Thorough evaluation of linkage types and positions requires complex chemistry approaches demanding a high level of training (e.g., in methylation analysis) and expensive instrumentation (e.g., NMR) (3). If sufficient quantities of purified glycans can be prepared, then nondestructive NMR analysis should be performed first, followed by whatever chemistry/MS approach is needed. Small quantities of oligosaccharides (2–5 nanomoles), even in mixtures, can yield good-quality 1H NMR data when spectrometers are fitted with sensitive probes. In some instances, modern analytical tools (MS approaches) have allowed identification of unexpected or unusual structural features (31, 33). With complex glycan heterogeneity (e.g., heavily O-glycosylated proteins), a combination of methods is required for complete characterization of these structures.

Anomericity and sequence analysis becomes relevant when exploring new expression systems, different organisms, and cell lines. A thorough understanding of their biosynthetic capabilities provides a guideline for expected structural motifs and their divergence from what is found in humans. Such understanding has led to well-known efforts in engineering enzymes (e.g., glycosyltransferases and glycosidases involved in human N-glycan biosynthesis) into promising systems for efficient protein expression (e.g., Pichia pastoris and Lemna). As new options are used, new analytical tools will become more common for ensuring that specific unwanted structural features are not present. Eventually, they will be part of the biotechnology tool box and ultimately might be converted into validatable, QC-amenable release and stability assays.

Knowledge Is Power

Carbohydrates are complex molecules containing a wealth of chemical information even in their simplest members, the monosaccharides. Although describing their structure can be an overwhelming task, a good understanding of their chemistry allows appropriate choice of analytical methods for each class of glycoconjugate. In addition, understanding their biochemistry helps us define the critical features that should be targeted for analysis depending on expression system or isolation method.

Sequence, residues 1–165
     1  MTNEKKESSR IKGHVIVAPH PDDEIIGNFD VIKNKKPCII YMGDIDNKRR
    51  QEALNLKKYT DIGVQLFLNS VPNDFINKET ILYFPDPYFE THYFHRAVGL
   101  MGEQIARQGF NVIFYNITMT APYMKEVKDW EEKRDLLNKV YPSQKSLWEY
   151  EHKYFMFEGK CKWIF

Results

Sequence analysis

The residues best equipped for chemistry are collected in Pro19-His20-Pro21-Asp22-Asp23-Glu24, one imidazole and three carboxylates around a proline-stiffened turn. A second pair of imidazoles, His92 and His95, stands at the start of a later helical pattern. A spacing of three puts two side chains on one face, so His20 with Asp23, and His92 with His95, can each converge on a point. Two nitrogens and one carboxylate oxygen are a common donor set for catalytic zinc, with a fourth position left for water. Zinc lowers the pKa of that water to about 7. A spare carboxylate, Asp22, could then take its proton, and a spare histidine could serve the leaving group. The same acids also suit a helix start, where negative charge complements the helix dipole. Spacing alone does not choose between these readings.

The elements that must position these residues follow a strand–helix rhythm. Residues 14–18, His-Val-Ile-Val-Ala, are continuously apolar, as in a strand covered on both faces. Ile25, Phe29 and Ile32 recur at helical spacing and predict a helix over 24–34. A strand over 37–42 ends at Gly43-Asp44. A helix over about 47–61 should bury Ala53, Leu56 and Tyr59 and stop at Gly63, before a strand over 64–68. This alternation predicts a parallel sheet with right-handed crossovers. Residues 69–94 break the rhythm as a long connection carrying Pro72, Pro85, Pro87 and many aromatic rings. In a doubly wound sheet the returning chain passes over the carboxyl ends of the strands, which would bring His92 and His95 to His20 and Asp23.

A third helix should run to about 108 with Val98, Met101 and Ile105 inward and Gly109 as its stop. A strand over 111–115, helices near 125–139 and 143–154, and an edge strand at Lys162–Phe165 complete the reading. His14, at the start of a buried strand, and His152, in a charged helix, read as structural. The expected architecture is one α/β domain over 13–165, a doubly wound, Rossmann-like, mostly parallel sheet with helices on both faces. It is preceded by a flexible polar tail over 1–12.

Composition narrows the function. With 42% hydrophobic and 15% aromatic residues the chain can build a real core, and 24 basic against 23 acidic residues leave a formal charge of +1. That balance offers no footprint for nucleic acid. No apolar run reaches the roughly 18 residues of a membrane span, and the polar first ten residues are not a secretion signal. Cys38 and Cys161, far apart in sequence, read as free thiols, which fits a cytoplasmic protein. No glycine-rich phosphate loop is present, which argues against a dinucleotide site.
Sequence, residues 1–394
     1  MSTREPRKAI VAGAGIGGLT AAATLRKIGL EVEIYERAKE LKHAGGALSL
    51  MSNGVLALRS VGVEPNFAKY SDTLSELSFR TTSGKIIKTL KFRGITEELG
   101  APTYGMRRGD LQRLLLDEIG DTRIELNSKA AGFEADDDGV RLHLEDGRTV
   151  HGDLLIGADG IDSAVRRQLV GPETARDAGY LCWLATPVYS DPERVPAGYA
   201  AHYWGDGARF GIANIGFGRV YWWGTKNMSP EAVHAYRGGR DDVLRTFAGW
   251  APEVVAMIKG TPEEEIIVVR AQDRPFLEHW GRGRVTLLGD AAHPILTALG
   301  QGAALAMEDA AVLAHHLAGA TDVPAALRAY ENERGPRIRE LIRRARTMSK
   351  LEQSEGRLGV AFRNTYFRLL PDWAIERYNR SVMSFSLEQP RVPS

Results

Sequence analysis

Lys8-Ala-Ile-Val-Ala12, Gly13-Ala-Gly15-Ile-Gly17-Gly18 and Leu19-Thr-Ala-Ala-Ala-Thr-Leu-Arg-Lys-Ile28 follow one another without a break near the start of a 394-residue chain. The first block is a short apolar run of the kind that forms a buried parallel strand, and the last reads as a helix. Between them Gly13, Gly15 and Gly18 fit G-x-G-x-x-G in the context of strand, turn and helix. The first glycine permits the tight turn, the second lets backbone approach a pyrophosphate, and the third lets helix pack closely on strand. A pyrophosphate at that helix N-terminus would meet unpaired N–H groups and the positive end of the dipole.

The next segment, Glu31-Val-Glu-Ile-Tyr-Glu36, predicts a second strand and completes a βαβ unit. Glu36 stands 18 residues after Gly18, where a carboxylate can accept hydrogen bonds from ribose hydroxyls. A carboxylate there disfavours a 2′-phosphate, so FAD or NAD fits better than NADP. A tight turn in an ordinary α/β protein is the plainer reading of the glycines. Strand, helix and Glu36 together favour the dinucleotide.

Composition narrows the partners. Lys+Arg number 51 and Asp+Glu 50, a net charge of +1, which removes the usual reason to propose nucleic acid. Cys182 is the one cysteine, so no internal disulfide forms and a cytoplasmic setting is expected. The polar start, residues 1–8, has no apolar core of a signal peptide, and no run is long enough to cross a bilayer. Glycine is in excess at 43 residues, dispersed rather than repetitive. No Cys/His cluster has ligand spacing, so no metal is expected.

In the production of safe, efficacious, and consistent therapeutic glycoproteins, all critical features of complex carbohydrate structures can be assessed using current technology. Robust methods can be tailored to specific glycoproteins and even can be validated and used as release assays in controlled environments. Defining needs at each stage of development is key, both in the type of information and level of quantitation required. Although some methods require higher levels of expertise than others, they also offer more information. Often, more than one analytical approach is available for each purpose; the choice depends on a specific glycoprotein as well as existing instrumentation and expertise available. Expert advice can aid in initial method development and validation for a specific molecule. With suitably sound laboratory quality practices, a well-trained analyst should be able to perform these tests both reliably and reproducibly.

Analysis of glycosylation in glycoproteins has been covered here specifically, but similar principles and circumstances apply to the analysis of other glycoconjugates, even though the specific methods differ. Emerging technologies keep opening opportunities for more and better understanding. The more widespread use of powerful computers, sophisticated algorithms, and robotics will transform the current state-of-the-art approaches being tested by some experts into daily tools for biotech laboratories. And luckily for carbohydrate chemists, that means there are still many challenging (and rewarding) projects to work on.